Dr. Ruhong Zhou (IBM): Large Scale Molecular Simulation of Nanoparticle-Biomolecule Interactions
Speaker: Dr. Ruhong Zhou, IBM Watson Research Center
Date: Apr 12, 2019; Time: 2:30 Location: BPB Rm. 131
Abstract: Nanoscale particles have become promising materials in various biomedical applications, however, in order to stimulate and facilitate these applications, there is an urgent need for a better understanding of their biological effects and underlying physics. In this talk, I will discuss some of our recent works, mostly molecular modelling, at bio-nano interface and their underlying molecular mechanism. We show that carbon-based nanoparticles (carbon nanotubes, graphene nanosheets, and fullerenes) can interact and disrupt the structures and functions of many important proteins. The hydrophobic interactions between the carbon nanotubes and hydrophobic residues, particularly aromatic residues through the so-called π-π stacking interactions, are found to play key roles. Meanwhile, metallofullerenol Gd@C82(OH)22 is found to inhibit tumour growth and metastases with both experimental and theoretical approaches. Graphene and graphene oxide (GO) nanosheets show strong destructive interactions to E. coli cell membranes (antibacterial activity) with unique molecular mechanisms, while PEGylated GO nanosheets stimulate potent cytokine responses in peritoneal macrophages. On the other hand, GO nanosheets also show a strong supportive role in enzyme immobilisation such as lipases through lid opening. In particular, the lid opening is assisted by lipase’s sophisticated interaction with GO, which allows the adsorbed lipase to enhance its enzyme activity. The lipase enzymatic activity can be further optimized through fine tuning of the GO surface hydrophobicity. These findings might provide a better understanding the underlying physics at bio-nano interface, with implications in future de novo nanomedicine design.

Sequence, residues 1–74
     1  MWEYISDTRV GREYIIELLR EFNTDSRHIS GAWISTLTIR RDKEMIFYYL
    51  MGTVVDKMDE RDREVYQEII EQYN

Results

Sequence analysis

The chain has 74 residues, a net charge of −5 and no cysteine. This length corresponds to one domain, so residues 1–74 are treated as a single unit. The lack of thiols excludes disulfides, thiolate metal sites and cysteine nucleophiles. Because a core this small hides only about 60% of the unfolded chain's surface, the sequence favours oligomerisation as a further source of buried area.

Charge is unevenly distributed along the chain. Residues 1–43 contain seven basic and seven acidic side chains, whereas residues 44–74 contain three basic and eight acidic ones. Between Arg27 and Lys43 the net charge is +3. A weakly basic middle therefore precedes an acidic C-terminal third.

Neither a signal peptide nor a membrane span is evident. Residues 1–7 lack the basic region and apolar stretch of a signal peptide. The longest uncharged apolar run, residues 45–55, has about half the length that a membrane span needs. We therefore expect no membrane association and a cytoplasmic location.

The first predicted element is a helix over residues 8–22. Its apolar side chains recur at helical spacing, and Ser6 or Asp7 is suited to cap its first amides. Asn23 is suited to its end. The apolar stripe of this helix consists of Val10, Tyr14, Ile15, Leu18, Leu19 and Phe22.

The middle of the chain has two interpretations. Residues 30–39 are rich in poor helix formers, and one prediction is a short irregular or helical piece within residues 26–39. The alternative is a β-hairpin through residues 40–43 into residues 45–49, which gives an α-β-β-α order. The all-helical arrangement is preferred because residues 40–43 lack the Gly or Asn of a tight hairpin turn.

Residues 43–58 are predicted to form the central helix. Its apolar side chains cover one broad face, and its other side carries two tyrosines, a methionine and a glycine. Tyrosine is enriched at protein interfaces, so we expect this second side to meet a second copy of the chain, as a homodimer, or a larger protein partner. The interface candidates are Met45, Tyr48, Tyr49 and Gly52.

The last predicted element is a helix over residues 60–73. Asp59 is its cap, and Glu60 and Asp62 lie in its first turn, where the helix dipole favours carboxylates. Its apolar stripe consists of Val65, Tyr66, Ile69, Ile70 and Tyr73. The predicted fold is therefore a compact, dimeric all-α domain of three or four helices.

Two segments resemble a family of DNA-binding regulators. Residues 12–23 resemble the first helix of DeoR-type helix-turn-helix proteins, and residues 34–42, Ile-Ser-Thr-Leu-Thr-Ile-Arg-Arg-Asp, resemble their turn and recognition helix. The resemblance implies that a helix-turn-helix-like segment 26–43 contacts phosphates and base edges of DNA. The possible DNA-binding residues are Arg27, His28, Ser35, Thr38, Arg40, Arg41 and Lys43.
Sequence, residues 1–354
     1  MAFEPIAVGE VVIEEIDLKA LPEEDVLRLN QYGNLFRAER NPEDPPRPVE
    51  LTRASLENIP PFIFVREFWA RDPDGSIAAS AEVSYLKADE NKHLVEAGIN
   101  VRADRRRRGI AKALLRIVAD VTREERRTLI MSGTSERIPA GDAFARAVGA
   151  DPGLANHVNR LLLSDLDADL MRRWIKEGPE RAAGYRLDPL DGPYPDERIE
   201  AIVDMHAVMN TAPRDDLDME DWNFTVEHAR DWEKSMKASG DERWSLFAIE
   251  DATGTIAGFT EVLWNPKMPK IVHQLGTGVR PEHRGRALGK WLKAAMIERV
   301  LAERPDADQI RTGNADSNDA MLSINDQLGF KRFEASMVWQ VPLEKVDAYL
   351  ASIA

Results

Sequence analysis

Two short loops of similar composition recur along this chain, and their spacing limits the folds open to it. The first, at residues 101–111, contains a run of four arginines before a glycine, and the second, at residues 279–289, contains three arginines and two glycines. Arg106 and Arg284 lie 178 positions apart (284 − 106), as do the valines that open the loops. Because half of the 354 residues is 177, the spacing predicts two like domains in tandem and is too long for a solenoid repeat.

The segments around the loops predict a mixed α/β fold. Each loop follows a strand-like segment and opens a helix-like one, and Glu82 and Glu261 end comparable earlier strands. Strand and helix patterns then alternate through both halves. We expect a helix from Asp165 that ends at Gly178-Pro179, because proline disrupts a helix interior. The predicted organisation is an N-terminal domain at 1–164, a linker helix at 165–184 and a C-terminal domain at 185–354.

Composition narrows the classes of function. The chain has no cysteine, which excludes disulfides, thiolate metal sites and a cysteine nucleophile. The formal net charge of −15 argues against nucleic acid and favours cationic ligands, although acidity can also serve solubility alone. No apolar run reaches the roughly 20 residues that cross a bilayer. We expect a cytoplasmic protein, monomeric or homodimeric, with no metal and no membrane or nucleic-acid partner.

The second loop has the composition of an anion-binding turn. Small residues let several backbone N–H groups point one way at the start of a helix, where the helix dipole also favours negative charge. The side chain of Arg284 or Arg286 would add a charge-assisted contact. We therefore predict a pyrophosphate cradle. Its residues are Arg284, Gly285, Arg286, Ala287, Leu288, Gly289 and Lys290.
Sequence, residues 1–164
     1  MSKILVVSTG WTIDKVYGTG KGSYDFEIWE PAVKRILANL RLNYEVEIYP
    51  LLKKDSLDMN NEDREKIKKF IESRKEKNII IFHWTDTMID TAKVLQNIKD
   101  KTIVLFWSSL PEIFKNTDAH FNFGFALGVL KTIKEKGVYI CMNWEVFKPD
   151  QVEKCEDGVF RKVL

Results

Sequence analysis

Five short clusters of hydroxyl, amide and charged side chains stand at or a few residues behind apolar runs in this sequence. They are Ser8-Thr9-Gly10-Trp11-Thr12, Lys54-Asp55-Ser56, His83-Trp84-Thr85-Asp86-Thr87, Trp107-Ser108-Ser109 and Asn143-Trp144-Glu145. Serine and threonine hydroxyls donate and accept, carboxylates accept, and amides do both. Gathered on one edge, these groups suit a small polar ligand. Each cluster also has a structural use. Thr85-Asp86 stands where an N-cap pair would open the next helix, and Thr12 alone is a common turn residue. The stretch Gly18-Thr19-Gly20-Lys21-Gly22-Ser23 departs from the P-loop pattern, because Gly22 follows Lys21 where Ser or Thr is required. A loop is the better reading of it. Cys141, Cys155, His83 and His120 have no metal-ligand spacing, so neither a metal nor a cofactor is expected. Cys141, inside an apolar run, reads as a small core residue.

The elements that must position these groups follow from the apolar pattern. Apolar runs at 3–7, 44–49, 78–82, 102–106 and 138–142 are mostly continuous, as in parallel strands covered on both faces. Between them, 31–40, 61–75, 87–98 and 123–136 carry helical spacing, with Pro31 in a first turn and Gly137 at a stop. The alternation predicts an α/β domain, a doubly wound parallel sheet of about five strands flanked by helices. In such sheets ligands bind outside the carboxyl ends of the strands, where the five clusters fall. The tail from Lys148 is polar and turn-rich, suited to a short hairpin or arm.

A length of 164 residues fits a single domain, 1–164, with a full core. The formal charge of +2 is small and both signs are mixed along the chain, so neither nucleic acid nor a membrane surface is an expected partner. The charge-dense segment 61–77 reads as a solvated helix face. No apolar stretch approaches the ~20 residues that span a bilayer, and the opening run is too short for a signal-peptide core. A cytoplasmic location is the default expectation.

Biographical Sketch: Ruhong Zhou, AAAS Fellow, APS Fellow, is currently a Distinguished Research Staff Member and Manager of Soft Matter Science, IBM Healthcare and Life Science Research, and an Adjunct Professor at Department of Chemistry, Columbia University. He received his Ph.D. with Prof. Bruce Berne in chemistry from Columbia University in 1997. He joined IBM Research in 2000, after spending two and a half years working with Prof. Richard Friesner (Columbia Univ) and Prof. William Jorgensen (Yale Univ) on polarizable force fields. He has authored and co-authored 240 journal publications (including 29 in Cell, Science, Nature, Nature subjournals and PNAS), and 26 patents, delivered 200+ invited talks at major conferences and universities worldwide, and chaired and co-chaired many conferences in computational biology, computational chemistry, and biophysics fields. He is part of the IBM Blue Gene team who won the 2009 National Medal on Technology and Innovation. He has won the IBM Outstanding Technical Achievement Award (OTAA) in 2018, 2016, 2014, 2008 and 2005; IBM Outstanding Innovation Award in 2015 and 2012; Columbia University Hammett Award (for best graduates); and American Chemical Society DEC Award on Computational Chemistry. He is Editor-in-Chief of Current Physical Chemistry, Guest Editor of Nanoscale, Editor of (Nature) Scientific Reports, and Editorial Board Member of six other international journals. He also serves as Board of Directors, Telluride Science Research Center (TSRC), and Scientific Advisory Board, Center for Multiscale Theory and Simulation, University of Chicago. He was elected to AAAS Fellow (American Association of Advancement of Science) and APS Fellow (American Physical Society) in 2011, and IBM Distinguished Research Staff Member (DRSM) in 2014.